The gardens were Kaval Patel’s favorite part. There, Patel, a senior neuroscience major from Jackson, Mississippi, and his classmates collected samples from plants believed to be infected by a pathogen, predicted the type of infections, and conducted tests. “We learned in a fun way while helping the community with a problem easy to overlook,” says Patel, who plans to pursue an M.D. and a Ph.D in neurological disorders. “We reported all infections to the plant owners, and it feels good knowing we helped limit the spread of disease.”
The experience also provides other valuable lessons. Plant biologists must learn to communicate with people outside their field, Karolina says. Doing that requires both “words and respect,” she notes.
More students than ever enrolled in OUTPACE in 2018, an exciting change from eight years ago, when UAB offered no plant biology courses at all. And the Mukhtars are sending students off to careers in environmental sciences, health professions, and research. Or they’re simply opening their eyes to something new.
Kimberly Grace, for example, took OUTPACE to get hands-on experience studying plants. Now Grace, a senior focusing on applied math with minors in biology and environmental science, wants to incorporate what she has learned into research and teaching. “It has broadened my understanding of our environment,” says the Smoke Rise, Alabama, native. “I would like to combine mathematics and my love of the environment in my future endeavors.”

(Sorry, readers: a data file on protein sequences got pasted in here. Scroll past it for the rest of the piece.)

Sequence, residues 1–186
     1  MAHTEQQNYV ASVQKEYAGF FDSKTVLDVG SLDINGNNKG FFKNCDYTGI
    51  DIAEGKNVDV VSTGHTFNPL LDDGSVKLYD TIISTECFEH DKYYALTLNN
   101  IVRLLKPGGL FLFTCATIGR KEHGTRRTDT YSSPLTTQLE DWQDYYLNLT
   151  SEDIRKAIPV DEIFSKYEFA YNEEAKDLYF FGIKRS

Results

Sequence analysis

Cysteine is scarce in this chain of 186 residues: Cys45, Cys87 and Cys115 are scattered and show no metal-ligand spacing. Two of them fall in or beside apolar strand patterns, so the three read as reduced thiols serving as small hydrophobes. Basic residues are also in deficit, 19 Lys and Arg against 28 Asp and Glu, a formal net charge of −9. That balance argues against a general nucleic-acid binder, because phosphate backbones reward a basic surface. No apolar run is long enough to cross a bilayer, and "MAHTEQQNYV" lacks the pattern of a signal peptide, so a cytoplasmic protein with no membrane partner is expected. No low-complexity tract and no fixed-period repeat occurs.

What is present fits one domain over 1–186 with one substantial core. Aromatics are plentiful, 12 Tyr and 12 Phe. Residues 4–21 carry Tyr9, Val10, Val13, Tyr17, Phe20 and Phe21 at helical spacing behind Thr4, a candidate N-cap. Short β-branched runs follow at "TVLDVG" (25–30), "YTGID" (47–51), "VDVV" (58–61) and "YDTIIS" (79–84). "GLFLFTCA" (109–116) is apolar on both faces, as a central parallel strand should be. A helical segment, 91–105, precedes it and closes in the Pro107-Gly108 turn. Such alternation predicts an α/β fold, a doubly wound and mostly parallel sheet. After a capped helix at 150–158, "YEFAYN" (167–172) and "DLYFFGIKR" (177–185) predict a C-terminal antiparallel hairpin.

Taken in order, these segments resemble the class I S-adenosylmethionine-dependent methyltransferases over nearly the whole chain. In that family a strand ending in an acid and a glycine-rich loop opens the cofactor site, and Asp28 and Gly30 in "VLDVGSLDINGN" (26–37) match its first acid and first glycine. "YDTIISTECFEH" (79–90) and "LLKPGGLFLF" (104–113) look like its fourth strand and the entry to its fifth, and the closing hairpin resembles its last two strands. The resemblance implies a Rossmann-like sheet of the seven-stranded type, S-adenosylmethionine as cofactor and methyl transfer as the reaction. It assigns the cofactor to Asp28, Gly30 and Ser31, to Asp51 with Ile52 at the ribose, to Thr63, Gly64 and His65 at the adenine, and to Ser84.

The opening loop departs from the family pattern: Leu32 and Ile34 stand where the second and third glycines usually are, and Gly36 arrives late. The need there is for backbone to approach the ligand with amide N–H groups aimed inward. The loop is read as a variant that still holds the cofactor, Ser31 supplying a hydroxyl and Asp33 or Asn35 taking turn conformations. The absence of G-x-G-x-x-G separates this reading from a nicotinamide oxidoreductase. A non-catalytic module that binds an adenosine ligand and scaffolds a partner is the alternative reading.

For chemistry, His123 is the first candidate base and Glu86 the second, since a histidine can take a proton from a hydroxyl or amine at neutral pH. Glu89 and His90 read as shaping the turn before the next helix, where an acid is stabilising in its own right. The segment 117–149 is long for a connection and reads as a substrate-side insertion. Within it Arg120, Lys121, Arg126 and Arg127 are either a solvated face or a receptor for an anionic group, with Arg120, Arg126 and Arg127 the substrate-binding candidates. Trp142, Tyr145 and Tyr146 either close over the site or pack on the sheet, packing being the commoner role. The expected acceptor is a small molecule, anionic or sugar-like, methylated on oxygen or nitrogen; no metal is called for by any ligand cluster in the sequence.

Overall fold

Seeds of success

The students quickly grasp the major challenge facing plant biologists: There is no quick, simple solution to building a plant’s resistance against a pathogen, at least not now. But an incremental approach could be key to protecting the world’s food crops, say the Mukhtars. Think of the potato Karolina helped develop that is 11 percent more resistant to blight than its predecessor. “Having 11 percent more of a crop is no small contribution,” notes Karolina. “This is like plant medicine, though we rarely heal the patient. But we do produce the next generation that may do better.”

Photo of one Arabidopsis thaliana plant viewed from above

Published September 2018